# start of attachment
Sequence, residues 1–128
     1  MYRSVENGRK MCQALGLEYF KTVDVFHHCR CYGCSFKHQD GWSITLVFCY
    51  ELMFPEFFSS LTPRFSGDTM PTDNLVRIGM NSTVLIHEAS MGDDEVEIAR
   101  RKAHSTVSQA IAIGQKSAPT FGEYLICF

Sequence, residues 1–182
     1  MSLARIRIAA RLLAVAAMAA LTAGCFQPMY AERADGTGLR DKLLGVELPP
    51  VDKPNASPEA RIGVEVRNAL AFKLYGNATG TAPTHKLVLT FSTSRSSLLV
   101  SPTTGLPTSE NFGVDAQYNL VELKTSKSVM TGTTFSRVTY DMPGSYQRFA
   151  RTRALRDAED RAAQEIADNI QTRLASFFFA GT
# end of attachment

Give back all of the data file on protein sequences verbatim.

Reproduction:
Sequence, residues 1–128
     1  MYRSVENGRK MCQALGLEYF KTVDVFHHCR CYGCSFKHQD GWSITLVFCY
    51  ELMFPEFFSS LTPRFSGDTM PTDNLVRIGM NSTVLIHEAS MGDDEVEIAR
   101  RKAHSTVSQA IAIGQKSAPT FGEYLICF

Sequence, residues 1–182
     1  MSLARIRIAA RLLAVAAMAA LTAGCFQPMY AERADGTGLR DKLLGVELPP
    51  VDKPNASPEA RIGVEVRNAL AFKLYGNATG TAPTHKLVLT FSTSRSSLLV
   101  SPTTGLPTSE NFGVDAQYNL VELKTSKSVM TGTTFSRVTY DMPGSYQRFA
   151  RTRALRDAED RAAQEIADNI QTRLASFFFA GT